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Exploring Bioethics

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Corrections and Supplementary Information

Module 6

Modifying the Natural World:
Human Responsibilities toward Animals

Four Key Questions
to Always Ask Yourself

  • What is the ethical question?
  • What are the relevant facts?
  • Who or what could be affected by the way the question gets resolved?
  • What are the relevant ethical considerations?
Ethical Considerations Relevant to This Module*
Respect**
  • Do animals deserve respect? If so, what type of respect do they deserve?
  • Are there certain types of changes or modifications that we should not make to animals? Why?
Harms and Benefits
  • Should human benefits always outweigh
    animal harms?
  • Is there a less harmful alternative?
Fairness
  • Can companies or individuals patent modifications to life forms and limit the ability of others to use them (by charging fees or requiring permission)?
Intrinsic Value
  • Do animals have value in their own right, or are they valuable only as they are useful to human beings?
Responsibility
(Stewardship)
  • What should our responsibilities be toward animals?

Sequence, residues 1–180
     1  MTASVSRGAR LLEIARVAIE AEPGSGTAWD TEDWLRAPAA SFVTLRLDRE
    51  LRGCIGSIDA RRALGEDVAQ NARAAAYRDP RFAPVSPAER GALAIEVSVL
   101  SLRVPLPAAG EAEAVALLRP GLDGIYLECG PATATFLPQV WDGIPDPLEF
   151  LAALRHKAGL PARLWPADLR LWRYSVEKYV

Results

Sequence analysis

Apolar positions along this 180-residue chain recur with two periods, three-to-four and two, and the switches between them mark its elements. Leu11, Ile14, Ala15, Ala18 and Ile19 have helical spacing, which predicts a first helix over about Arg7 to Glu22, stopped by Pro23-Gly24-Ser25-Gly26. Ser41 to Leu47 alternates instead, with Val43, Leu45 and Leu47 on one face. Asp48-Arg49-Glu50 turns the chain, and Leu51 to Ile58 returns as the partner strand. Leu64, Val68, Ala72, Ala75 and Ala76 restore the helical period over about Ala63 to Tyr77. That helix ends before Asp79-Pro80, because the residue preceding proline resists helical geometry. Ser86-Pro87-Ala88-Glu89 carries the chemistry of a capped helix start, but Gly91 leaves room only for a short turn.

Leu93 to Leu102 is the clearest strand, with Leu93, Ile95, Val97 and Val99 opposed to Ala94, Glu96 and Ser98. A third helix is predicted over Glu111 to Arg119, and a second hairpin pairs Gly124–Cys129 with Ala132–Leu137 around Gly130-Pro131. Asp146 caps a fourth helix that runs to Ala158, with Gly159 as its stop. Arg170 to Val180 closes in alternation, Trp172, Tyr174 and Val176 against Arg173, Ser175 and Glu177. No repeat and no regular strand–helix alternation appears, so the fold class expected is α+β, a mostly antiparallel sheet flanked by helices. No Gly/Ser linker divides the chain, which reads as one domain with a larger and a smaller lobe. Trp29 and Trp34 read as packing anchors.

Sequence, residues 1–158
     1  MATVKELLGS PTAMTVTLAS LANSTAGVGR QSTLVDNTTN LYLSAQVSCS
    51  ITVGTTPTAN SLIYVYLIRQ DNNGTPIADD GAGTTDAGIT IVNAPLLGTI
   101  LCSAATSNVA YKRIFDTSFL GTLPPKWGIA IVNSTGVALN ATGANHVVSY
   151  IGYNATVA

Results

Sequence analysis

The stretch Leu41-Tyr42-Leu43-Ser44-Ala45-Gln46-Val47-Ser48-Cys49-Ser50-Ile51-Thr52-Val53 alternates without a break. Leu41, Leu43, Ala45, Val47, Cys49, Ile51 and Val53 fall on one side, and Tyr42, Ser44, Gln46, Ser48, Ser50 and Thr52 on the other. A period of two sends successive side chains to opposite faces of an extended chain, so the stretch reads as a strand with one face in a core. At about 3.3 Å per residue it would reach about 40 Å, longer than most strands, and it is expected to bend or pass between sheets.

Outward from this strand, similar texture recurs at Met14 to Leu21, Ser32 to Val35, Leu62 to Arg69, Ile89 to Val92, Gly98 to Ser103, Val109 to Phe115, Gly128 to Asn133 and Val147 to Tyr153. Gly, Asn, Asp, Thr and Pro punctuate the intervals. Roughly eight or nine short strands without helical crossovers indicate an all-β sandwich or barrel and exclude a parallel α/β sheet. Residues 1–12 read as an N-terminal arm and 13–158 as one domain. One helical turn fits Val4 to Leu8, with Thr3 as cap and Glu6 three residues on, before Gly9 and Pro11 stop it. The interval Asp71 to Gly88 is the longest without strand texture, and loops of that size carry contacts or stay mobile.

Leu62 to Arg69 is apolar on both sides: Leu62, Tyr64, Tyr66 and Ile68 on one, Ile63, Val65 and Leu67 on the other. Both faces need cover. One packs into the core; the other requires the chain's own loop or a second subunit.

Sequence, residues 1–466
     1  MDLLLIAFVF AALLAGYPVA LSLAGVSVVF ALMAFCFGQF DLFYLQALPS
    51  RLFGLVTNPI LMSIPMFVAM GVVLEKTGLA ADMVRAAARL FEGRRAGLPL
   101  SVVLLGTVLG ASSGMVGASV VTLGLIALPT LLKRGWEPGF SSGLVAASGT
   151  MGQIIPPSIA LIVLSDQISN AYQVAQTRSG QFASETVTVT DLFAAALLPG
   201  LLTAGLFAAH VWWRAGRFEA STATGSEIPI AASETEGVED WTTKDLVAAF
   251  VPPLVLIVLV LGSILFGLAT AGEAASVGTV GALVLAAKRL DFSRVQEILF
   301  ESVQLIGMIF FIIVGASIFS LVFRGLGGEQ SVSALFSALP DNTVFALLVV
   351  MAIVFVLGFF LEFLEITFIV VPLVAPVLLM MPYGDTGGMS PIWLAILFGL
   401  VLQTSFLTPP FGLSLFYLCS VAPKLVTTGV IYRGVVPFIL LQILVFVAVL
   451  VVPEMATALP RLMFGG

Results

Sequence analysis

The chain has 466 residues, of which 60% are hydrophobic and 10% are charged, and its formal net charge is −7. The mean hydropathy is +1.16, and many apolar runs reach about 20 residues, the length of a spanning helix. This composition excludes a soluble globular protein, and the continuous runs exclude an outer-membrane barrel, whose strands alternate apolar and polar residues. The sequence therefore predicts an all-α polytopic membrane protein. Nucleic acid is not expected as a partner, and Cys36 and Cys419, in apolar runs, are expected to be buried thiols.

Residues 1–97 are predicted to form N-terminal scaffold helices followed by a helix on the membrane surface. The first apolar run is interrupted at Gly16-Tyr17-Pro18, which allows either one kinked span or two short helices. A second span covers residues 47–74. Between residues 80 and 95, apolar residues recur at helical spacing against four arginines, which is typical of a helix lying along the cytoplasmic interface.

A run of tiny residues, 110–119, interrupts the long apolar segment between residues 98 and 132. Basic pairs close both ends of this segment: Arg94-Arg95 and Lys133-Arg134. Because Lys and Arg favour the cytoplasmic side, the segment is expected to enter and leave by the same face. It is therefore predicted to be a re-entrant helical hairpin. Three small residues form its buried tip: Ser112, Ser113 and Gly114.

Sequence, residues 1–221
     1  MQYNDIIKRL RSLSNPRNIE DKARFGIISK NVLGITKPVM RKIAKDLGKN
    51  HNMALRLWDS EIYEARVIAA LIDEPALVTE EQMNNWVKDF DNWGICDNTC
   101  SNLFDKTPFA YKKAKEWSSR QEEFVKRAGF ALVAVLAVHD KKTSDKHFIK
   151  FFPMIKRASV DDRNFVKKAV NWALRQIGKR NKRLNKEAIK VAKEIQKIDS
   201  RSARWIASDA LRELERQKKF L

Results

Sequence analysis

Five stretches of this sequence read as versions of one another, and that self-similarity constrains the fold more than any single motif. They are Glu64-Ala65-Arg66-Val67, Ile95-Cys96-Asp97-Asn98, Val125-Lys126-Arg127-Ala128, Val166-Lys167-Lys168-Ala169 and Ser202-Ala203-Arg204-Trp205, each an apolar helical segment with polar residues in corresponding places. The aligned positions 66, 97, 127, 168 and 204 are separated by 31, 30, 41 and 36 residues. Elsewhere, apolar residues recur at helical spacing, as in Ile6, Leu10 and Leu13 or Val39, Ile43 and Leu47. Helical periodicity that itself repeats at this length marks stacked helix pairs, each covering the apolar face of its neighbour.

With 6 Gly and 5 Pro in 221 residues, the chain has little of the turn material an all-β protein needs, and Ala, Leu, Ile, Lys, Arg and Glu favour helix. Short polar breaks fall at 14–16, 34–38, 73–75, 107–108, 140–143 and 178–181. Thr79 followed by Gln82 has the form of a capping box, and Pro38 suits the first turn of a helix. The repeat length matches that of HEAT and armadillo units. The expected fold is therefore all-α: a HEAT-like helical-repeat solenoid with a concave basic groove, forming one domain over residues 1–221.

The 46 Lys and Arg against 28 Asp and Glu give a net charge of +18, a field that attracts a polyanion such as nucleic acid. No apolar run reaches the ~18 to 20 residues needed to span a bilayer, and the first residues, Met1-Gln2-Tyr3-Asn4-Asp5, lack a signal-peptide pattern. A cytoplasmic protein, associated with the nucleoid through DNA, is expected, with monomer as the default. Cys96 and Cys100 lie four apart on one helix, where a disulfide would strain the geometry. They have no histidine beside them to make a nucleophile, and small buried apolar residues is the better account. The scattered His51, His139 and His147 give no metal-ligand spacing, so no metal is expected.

• What are some responsible policy approaches for handling the harms and uncertainty inherent in modifying animals?

*Bold items are emphasized in this module.
** The ethical consideration respect for persons is expanded in this module to include respect for the natural world.

Issues Explored



  • Should there be limits on the extent to which humans modify the natural world?
  • Is the natural world important only because it is useful to human beings?

At a Glance

Purpose and Rationale

Over thousands of years, human beings have been developing technologies that modify the natural world. Today, people can alter plants and animals in more profound ways than ever before. Current and future modifications will undoubtedly bring enormous benefits, but they will also carry risks and uncertainties. Citizens will need to make decisions about the use of these modifying technologies. Such decisions should be grounded in an examination of humans’ place in the natural world and their responsibility to other life forms (also known as stewardship).

This module, which focuses on human modifications to animals, could be used in conjunction with units on DNA structure and function, biotechnology, evolution, genetics, ecology, food webs, and biodiversity. If used with another unit, the rabbit case study from Day 1 could introduce that unit.

Overview